Though When talking about the National Library, many people think exclusively of books and, in any case, in other types of printed publications, in reality its scope of action and conservation is much broader, since its objective in this regard is to become a guarantor of the persistence of cultural heritage, mainly that produced in our country, Of course, but also of someone who, even having other origins, has arrived in Spain and has had a mark on our society and our culture.
However, What is culture? Of course there is no single and sustained interpretation over time. For example, there are those who consider that electronic music does not have an artistic component and that it does not deserve to be considered culture, but the same thing happened at the time with the music of, for example, Elvis Presley or The Beatles. And for decades, and today there is still discussion about it, there are those who question whether the video game is culture or simply entertainment. Fortunately, the National Library seems to opt for the first option.
The bad thing is that it has not always been this way, and there was a golden age in Spain, mainly concentrated in the second half of the eighties, in which video game production in our country was historic. Not only were hundreds of games developed, but the quality of many of them was remarkable. Without a doubt, we must mention La Abadía del Crimen, inspired by the novel El Nombre de la Rosa, by Umberto Eco, considered by many to be the best video game developed in Spain, but we must not forget many others, such as Game Over, Freddy Hardest or the priceless Don Quixote, to give a small example.
In those times, the National Library did not seem too interested in collecting these creations and, worse yet, legal deposit didn’t turn out to be too effective either. Consequently, as you can imagine, the National Library does not have a complete collection of the huge number of games that were developed and / or distributed in Spain in the times when Spectrum, Amstrad, Commodore and MSX were magic words for many children and youth of that time.
The good news is that, better late than never, The National Library has been working for a long time to fill this lack. Under the management of Ana Santos Aramburo, current director of the entity, since March of last year meetings have been held with associations of the Spanish video game sector in which AEVI (Spanish Association of Videogames), AUIC (Association of Computer Users have participated Clásica) and DEV (Spanish Association of Companies Producing and Developing Videogames and Entertainment Software) to cover a hole that began to open in the eighties.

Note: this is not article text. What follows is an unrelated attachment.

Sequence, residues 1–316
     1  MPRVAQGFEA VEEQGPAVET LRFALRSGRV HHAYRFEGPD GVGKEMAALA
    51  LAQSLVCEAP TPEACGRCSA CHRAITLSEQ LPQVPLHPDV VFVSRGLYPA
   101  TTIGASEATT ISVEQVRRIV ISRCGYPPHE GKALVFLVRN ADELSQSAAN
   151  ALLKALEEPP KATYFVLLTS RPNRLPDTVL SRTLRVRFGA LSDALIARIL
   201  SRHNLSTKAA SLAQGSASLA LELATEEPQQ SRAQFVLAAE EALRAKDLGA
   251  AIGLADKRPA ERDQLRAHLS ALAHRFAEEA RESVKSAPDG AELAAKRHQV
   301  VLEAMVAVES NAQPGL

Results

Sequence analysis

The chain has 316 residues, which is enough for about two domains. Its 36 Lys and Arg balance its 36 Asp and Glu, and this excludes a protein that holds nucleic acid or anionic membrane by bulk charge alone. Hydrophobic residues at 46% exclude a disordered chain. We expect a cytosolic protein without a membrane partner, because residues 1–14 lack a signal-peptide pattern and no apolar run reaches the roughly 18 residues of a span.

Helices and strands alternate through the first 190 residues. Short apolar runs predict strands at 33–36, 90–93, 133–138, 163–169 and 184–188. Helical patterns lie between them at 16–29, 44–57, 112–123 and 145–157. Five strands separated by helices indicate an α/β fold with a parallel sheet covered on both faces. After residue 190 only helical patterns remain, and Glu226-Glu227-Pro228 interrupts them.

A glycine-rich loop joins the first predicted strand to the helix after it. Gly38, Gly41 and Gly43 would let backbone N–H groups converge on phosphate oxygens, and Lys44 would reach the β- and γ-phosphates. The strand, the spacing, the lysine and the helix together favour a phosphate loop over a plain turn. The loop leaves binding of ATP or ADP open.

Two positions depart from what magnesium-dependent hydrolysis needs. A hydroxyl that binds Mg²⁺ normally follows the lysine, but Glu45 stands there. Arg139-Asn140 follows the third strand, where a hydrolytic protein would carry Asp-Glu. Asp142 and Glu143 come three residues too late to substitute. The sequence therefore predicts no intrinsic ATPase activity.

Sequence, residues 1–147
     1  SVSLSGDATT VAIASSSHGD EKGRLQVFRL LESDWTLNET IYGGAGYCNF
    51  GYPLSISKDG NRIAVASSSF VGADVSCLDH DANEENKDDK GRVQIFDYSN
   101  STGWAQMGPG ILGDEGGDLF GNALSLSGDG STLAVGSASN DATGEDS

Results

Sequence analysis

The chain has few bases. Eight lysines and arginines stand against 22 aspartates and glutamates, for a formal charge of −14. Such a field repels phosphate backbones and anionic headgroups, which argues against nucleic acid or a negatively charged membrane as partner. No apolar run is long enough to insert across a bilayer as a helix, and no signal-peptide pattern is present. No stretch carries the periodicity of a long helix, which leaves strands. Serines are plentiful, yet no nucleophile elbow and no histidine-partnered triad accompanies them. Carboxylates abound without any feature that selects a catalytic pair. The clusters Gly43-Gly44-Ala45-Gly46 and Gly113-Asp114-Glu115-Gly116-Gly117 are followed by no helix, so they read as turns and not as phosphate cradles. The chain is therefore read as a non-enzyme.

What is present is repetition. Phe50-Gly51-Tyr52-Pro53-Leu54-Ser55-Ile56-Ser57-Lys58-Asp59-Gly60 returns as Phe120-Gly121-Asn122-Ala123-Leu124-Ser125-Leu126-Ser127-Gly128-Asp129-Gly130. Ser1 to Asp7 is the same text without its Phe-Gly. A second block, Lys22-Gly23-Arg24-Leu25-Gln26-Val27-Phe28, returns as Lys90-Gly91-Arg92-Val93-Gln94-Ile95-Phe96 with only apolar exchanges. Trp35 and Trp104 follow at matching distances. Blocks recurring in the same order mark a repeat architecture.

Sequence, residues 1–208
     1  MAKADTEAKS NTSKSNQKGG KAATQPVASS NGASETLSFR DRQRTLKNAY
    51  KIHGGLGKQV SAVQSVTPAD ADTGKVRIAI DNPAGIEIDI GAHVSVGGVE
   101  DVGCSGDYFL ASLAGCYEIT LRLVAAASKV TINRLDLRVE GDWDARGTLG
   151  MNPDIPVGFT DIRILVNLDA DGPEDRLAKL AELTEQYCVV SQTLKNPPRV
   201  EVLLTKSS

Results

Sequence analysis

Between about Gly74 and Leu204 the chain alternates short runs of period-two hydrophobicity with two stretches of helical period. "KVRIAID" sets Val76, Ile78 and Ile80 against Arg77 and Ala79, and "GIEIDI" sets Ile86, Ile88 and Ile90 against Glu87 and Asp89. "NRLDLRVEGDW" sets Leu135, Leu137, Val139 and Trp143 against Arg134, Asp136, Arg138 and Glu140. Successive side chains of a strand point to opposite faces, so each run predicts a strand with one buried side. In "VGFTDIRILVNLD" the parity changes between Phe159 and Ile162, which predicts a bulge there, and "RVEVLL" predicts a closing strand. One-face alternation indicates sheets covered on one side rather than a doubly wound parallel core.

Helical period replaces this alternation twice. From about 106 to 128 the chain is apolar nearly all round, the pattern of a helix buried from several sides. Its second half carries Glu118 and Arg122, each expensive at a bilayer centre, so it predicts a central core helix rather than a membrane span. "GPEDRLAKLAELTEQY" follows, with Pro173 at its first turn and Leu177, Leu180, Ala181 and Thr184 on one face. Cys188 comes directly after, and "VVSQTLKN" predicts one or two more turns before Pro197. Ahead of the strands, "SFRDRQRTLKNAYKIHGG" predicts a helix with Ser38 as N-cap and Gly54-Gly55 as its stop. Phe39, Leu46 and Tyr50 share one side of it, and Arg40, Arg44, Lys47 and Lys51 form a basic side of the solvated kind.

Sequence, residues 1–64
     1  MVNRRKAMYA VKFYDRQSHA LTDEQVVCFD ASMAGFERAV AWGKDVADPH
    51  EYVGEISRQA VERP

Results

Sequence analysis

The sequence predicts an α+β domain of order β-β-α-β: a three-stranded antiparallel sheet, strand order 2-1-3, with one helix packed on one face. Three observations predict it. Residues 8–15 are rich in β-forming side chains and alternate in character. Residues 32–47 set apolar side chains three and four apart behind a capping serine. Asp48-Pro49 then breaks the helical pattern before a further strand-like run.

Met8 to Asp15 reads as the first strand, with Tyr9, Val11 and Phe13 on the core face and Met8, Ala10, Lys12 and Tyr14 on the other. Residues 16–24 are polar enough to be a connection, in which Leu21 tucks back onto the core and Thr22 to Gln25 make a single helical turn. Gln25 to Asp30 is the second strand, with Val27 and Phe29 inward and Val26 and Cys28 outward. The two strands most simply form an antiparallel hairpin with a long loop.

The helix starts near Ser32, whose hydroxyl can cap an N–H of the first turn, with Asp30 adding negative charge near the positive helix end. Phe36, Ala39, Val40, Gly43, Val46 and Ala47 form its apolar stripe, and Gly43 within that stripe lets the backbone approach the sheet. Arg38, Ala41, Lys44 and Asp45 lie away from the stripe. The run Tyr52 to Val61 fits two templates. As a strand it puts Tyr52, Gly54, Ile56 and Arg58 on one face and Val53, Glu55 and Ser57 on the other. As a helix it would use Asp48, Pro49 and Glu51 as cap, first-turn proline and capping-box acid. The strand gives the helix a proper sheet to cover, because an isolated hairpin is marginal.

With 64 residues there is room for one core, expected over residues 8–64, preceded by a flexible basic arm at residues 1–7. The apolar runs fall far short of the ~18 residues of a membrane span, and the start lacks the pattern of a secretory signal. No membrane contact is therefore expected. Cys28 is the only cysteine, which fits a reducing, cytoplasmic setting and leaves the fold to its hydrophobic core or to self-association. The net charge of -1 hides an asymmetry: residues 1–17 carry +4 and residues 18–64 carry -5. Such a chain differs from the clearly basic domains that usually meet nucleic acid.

During these months, in which the National Library has had the collaboration of said associations, work has been done on the preparation of a catalog that compiles all the production of Spanish videogames. The objective is to cross that list with that of the titles already deposited in the Library and, in this way, to know which titles are missing, in order to be able to work towards achieving them.
Now, after almost a year of work, the National Library has published the list “SPANISH VIDEO GAMES THAT ARE NOT IN THE BNE COLLECTIONS”, an Excel sheet of 6,310 rows in which we find both games produced in Spain and others that, despite having their origin in other countries, had a presence in ours (After Burner, Gauntlet, Test Drive or Tetris, to give a few examples). For each one of them, the platform (MSX, Spectrum, etc.) is specified as well as the support, in the cases in which the BNE has such information.
The rationale for this publication is clear and is made explicit in the press release published in this regard: encourage associations and individuals to donate to the National Library copies of these video games as the first phase to ensure preservation. The objective is to create a complete and accessible collection for all citizens of these titles.
If, either out of memory or curiosity, you are a lover of retrocomputing, most likely you have already thought about the Hundreds of web pages that collect roms for many of the games listed of the National Library. And yes, it is true that they can be found there, but what the Library intends is not only to preserve the code, but also all the elements around it: the physical support, the materials that accompanied it and others. And, for example, some of Alfonso Azpiri’s covers are also collector’s items.
The objective of the National Library is to preserve the games as they were published at the time and, personally, it seems to me a laudable project. Due to life circumstances, over the years I was getting rid of computers, games, books, magazines and other memories of those times but, had I kept any of the games on the list, I would not hesitate to collaborate in the creation of this background. After all, videogames are culture, and culture must be preserved.